Monday, 12 September 2011

'Building the Beast' - My Tigger Models 1/32nd Scale Short Sunderland Mk1 build - Part 2

In the first post we left 'the beast' on the work bench having just been cut-out. Now, the work begins to make something of the two hull halves.........

Whilst I was sitting there just staring at the sheer bulk of 'the beast' my eye was drawn to the wing root stubs sticking out from each Port and Starboard hull half. I was pleased when I first saw the kit parts that the molding included for each wing root stub as it meant that a potential major joint had been eliminated and with it the chances of a crack appearing at a later date due to the stresses of the wing-to-hull join being right on the hull itself. Doing it this way meant that at least I had a decent chance to stick both wings on these stubs without having to resort to a huge amount of fairing-in of the wings to the hull at this juncture. The wing fairing would be a major job otherwise. However, that was not what I was looking at; what I noticed just sitting there was that the port wing root  fairing was sitting higher up the hull than the starboard!
"OMG" I thought....! That can't be right. But, unfortunately, it was. The fairing on the port side is a good two or three millimetre higher than the other and is only really noticeable from a head-on viewpoint. It is not noticeable at all from the side and I think that is due entirely to the sheer bulk (again) of the whole thing up close. Looking at a 1/72 scale kit part in-front of you is totally different than looking at this one.

Ok, so it's part of the mold and I will have to deal with it as the build goes on, I said to myself, whilst adding the point to the kit-build list that I had made up. I was already thinking of a way to sort the problem out. However, prospective customers and builders please note that it should be entirely practicable to achieve a solution for this without going to the lengths of major surgery. More on this subject later in the build.

However, having got over this problem, another one loomed up almost straight away! One of the things that any vac-form kit builder has to have in his portfolio is (1)  patience and (2) method aforethought.
The canopy transparency is a large fine molding and looks quite accurate
Patience because this isn't a 'shake n' bake' kit - a kit that is going to 'fall together' out of the box, indeed by its very nature no vac-form kit ever is, or will be. Every time I purchase and start a vac-form I go into a sort of 'building mode' that is best described as 'different to injection molded kit build'. I can't explain it any better than that; it's simply knowing that the kit in-hand is going to  bite you at some point and you have to determine when, to avoid it. That requires of the builder a large degree of patience as this kit is not going to be finished in a weekend, or indeed a number of weekends due entirely to the nature of the presentation of parts. That brings up the second state-of-mind; 'Method Aforethought' - the art of being able to think the build through from the start - then as you go along - always working out what to do next and after that, what to do again and again, concentrating on making sure that the kit will go together as you want, and the manufacturer intended.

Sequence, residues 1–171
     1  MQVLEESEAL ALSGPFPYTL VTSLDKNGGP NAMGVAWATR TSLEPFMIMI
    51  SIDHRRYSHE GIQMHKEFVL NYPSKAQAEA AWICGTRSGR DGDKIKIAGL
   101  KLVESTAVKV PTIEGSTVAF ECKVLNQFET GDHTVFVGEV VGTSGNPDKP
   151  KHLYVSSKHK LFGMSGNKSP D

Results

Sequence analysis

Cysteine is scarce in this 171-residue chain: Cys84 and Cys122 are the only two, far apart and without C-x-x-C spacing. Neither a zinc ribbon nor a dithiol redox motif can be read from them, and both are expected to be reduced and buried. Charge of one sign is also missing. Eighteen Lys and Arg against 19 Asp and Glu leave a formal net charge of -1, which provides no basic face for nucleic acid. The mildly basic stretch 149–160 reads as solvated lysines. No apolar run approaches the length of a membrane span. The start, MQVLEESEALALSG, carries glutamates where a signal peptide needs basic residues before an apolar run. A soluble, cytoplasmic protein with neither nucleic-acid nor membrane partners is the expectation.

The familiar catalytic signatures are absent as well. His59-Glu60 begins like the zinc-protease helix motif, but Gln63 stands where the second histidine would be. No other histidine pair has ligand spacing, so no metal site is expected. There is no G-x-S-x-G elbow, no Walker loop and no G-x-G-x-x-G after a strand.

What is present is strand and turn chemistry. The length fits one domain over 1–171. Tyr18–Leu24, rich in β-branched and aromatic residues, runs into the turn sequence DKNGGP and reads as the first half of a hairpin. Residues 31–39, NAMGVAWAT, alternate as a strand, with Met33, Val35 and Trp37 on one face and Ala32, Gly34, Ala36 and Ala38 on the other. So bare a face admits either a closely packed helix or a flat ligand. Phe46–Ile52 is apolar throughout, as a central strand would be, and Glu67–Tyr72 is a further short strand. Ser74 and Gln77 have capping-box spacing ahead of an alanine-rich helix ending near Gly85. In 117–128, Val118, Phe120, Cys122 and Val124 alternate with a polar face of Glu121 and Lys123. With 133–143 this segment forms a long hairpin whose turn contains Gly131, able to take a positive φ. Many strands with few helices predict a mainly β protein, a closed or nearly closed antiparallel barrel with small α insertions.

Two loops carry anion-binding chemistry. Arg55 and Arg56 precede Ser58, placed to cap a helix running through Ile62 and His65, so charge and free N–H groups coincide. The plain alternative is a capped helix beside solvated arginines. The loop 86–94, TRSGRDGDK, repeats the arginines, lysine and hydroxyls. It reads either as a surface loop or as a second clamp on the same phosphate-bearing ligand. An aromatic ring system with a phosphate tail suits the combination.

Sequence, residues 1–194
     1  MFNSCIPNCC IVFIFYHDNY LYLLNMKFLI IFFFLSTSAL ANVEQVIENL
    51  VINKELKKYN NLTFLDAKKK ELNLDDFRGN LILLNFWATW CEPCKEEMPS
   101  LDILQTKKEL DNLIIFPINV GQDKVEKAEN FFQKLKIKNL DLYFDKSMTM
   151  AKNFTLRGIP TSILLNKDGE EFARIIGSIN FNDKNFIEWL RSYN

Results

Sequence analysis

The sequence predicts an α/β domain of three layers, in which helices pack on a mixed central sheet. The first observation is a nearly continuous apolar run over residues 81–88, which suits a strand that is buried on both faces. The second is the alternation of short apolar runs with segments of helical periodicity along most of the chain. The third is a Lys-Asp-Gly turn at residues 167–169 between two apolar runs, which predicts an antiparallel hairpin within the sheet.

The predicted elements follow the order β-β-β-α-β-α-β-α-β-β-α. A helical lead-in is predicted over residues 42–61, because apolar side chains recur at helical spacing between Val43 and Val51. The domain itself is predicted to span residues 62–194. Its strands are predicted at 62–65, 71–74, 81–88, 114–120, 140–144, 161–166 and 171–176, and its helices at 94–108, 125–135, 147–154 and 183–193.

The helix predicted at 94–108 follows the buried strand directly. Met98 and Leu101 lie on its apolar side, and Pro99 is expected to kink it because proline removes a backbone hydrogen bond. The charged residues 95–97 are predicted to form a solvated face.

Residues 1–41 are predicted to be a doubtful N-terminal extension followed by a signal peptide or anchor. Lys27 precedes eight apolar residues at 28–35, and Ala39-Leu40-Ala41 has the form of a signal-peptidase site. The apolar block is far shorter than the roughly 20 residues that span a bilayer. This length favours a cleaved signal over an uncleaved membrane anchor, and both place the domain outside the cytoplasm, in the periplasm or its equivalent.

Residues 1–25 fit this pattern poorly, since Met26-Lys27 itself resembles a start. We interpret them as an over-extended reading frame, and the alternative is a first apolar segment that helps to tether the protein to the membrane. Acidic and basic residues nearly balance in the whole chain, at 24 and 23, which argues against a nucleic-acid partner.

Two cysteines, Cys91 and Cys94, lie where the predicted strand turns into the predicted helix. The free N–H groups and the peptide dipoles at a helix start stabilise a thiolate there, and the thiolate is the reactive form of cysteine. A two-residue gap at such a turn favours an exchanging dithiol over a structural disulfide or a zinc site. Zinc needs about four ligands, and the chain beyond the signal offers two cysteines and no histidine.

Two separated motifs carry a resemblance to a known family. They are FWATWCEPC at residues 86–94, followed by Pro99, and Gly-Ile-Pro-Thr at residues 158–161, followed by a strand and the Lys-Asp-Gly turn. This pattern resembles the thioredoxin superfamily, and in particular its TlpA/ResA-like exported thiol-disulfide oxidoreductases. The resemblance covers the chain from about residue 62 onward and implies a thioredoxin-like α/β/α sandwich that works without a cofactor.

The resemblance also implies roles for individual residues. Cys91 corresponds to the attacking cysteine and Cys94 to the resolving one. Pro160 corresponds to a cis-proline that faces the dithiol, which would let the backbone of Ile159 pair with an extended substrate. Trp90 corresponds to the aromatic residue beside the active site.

Clearly marked here is the widest part of the canopy - this is what will govern the width of the hull
The vast majority of vac-form kits do not carry instructions of how to put them together or the order in which each of the parts should be added, totally different to more-or-less any commercially available injection molded kit, therefore apart from the fact that the parts have to be cut-out from a sheet of molded plastic card the builder is very much on his own and therefore that is why vac-forms are for experienced scale plastic model builders, not beginners.All of the past paragraphs then led me to another discovery on the hull of this kit; as supplied, it's moulded too wide for the cockpit canopy and the true dimensional measurements against the real Sunderland.
The canopy at this stage only fits where it touches
Well, actually that may not be entirely correct; 'Yes', it is too wide as molded but that may not be the fault of the kit manufacturer exactly. All vac-forms are made by forming heated sheet plastic over a mold. That mold can be either accurate or in-accurate; it won't matter to the plastic concerned as it will simply adopt the shape it is molded over and some manufacturers make certain allowances and this one has one of them. That is 'draw allowance', least-ways that is what I'm calling it.

It's not a serious problem in any way once you know about it, that is. And that is exactly where 'Method Aforethought' comes in. The cockpit canopy is a superb transparent molding contained within the kit and my 'inbuilt' vac-form experience reminded me that the canopy cannot be modified, it is a molding of a certain height and a certain WIDTH and that's that. It is, and will always be, 'as provided' for I doubt if there are many brave souls that would consider modifying it. This of course highlights another point that is particular to this, and other kits of the type and that is 'how accurate is the kit'? I mean, it stands to reason that the kit comes 'as molded', right? And the cockpit comes also as molded, so why don't they at least nearly match in width (?) I sat there thinking. The answer was the next job in-hand.